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Comparing Approaches to Materials

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Matter, (Installation), Suji Park and Lisa Walker Matter, (Installation), Adrienne Millwood, Suji Park and Lisa Walker Suji Park, Tuk, 2012-14,fired clay, tempera, acrylic on concrete, 630 x 100 x 100 mm Matter (Installation) Adrienne Millwood, Strange Attractor and Unified Field Adrienne Millwood, Strange Attractor, 2014, oil and photo-releases on found book, metal chain Adrienne Millwood, Unified Field, 2014, oil and photo-releases on found book Lisa Walker, Brooches, (Installation detail) Lisa Walker, Brooches, (Installation detail)

The artists in Matter reveal a number of common interests - an amoral attitude to aesthetics and materials, and a fabrication of narratives, positioned between certainties and the virtues of ambiguity. As artworks characterised by a conscious and unashamed bonding of differing shapes, materials or images, there is a directness about these works that is convincing in its candour.

Christchurch

 

Adrienne Millwood, Suji Park and Lisa Walker
Matter

 

3 May - 31 May 2014

Matter brings together a series of works by Adrienne Millwood, Suji Park and Lisa Walker, cultivating a shared attitude to imagery and approaches to materials. Fragments and glimpses of narratives, found objects and materials, are all contemplated and interrogated in works that openly admit to the evidence of their evolution and assembly.

The artists in Matter reveal a number of common interests - an amoral attitude to aesthetics and materials, and a fabrication of narratives, positioned between certainties and the virtues of ambiguity. For example, colour harmonies in Adrienne Millwood’s Strange Attractor and Unified Field, (greens and pinkish reds in particular) are just as essential to Lisa Walker’s brooches and jewellery.

Suji Park’s Tuk, a piece-by-piece assemblage and sculpture, fakes a kind of intuitive and organic method of construction, sharing something of Millwood’s interest in her painting as a calculated disclosure of materials and processes. Both make artworks that merge and position things together in a desire to establish a greater whole, highlighting perceptions of the presence of the artist’s hand evident in the act of making. As artworks characterised by a conscious and unashamed bonding of differing shapes, materials or images, there is a directness about these works that is convincing in its candour.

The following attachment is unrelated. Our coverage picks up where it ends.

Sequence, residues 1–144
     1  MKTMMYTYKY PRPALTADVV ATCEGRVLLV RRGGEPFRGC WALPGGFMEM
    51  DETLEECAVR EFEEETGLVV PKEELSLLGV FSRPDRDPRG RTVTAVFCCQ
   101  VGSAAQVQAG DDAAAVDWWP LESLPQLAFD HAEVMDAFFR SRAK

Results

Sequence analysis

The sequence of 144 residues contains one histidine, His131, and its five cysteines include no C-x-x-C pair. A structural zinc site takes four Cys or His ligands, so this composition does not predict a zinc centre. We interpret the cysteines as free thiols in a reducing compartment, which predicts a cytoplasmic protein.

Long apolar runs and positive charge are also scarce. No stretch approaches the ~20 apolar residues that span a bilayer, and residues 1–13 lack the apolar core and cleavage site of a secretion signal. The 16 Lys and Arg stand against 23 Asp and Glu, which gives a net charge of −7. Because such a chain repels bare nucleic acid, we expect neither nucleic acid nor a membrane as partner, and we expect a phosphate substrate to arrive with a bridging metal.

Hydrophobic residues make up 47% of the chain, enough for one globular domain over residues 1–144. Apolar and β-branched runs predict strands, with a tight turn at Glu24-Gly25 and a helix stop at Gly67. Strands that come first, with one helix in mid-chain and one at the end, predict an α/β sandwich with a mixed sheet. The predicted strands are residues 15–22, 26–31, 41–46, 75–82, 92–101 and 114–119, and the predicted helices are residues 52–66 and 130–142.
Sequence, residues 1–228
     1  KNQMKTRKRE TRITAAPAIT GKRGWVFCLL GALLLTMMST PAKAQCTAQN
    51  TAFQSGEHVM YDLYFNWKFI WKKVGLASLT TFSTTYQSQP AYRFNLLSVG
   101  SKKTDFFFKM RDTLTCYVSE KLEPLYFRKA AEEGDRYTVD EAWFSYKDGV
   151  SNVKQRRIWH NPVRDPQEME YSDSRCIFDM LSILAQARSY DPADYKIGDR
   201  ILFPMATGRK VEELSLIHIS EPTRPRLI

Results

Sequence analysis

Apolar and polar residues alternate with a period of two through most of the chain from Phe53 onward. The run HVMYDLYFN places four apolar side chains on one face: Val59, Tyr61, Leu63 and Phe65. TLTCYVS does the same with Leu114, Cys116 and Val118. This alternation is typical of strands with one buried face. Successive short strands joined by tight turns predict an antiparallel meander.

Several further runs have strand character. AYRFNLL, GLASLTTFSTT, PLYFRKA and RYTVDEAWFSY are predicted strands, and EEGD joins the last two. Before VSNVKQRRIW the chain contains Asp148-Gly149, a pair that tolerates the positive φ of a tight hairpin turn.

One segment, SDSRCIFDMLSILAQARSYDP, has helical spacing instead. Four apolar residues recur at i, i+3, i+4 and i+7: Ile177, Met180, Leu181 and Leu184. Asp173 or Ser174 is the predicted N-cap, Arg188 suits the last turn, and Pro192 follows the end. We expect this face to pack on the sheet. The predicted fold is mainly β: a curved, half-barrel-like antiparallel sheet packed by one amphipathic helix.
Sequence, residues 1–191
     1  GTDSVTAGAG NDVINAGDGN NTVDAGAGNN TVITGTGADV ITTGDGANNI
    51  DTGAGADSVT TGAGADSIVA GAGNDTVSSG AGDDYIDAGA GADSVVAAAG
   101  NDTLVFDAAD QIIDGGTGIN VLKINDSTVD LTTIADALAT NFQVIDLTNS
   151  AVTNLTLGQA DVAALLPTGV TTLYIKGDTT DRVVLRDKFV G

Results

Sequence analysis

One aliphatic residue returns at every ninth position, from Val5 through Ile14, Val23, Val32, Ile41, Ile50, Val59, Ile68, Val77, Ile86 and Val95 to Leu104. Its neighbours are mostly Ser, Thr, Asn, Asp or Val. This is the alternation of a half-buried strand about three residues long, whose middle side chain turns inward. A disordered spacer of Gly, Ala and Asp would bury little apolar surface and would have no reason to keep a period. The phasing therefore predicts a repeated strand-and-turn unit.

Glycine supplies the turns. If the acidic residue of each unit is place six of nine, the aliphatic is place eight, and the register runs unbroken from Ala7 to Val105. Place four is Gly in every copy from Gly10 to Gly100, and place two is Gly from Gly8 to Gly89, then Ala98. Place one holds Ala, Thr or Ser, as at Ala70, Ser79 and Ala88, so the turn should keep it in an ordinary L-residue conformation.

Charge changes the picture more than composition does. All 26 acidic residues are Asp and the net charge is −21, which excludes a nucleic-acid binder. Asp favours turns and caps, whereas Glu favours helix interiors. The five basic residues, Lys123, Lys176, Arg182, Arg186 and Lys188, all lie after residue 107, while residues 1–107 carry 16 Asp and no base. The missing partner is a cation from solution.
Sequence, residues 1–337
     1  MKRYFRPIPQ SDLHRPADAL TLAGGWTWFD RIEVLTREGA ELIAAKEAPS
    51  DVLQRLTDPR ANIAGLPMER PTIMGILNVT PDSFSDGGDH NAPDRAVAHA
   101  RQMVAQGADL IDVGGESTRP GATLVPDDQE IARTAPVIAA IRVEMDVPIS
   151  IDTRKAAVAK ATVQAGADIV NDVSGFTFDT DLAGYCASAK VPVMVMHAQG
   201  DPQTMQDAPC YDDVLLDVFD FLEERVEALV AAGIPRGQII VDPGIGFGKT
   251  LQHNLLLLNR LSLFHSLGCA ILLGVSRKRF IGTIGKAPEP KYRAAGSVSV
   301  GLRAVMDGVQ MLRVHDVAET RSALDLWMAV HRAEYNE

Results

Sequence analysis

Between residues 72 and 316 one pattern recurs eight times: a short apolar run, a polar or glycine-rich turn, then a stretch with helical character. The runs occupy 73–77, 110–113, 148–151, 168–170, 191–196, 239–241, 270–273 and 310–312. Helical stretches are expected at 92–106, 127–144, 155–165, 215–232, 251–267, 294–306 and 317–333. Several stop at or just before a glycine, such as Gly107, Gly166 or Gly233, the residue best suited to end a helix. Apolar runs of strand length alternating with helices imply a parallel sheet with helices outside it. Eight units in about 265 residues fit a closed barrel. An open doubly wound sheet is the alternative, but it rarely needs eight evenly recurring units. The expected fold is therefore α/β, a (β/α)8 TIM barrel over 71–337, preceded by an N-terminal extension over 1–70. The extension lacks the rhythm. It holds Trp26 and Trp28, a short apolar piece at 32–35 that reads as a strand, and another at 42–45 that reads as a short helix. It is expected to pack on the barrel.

Exhibited as a series of brooches and jewellery from 1996 to 2014, Walker’s jewellery continues to argue its case for being something other than anticipated. Though she designs and constructs her brooches in materials such as fresh water-pearls, sticky tape, steel, wood, thread and silver, to describe Walker’s choice and use of materials as generous or eclectic, seems limiting. Moving between disciplines of sculpture, furniture, adornment or painting, her jewellery touches upon questions of aesthetics, cultural imperialism, the politics of adornment and how the space of a gallery can be rethought and reinvented.

In this current exhibition, the context of the gallery appears to be a central concern. Orchestrated like a pick-n-mix-bag of colours, shapes, surface and textures, each piece of Walker’s jewellery seem intimately linked, the rowdiness and complexity of materials brought to order and reconciled on the surface of a Gavin Chilcott-inspired, abstract geometric painted design.

Resonating something of the spirit of Walker’s jewellery, Millwood’s Strange Attractor, when suspended by an extended metal chain from the gallery wall, is positioned as painting and also as painted object. Working paint over photo-release images, Millwood integrates the relationship between materials and subject. Imagery, process and materials all democratically occupy centre-stage in works like Strange Attractor and Unified Field, assuming the disposition of an evolving multi-coloured Miro checkerboard.

Matter (as in material) is at the centre of the curatorial premise of this exhibition, yet in the participating artists’ response to materials, it is very much about their qualities and potential in the widest sense. Millwood, Park and Walker all make work that has a tendency to extend considerations of what the materials in a work of art are expected to undertake and how they interact with one another. They direct attention to questions like; where does this position this work? How might someone else read or comprehend it? Outwardly, Matter may be directing attention towards the purely tangible, but Millwood, Parker and Walker’s art also has a tendency to nicely and comprehensively dematerialise all certainties.

Warren Feeney

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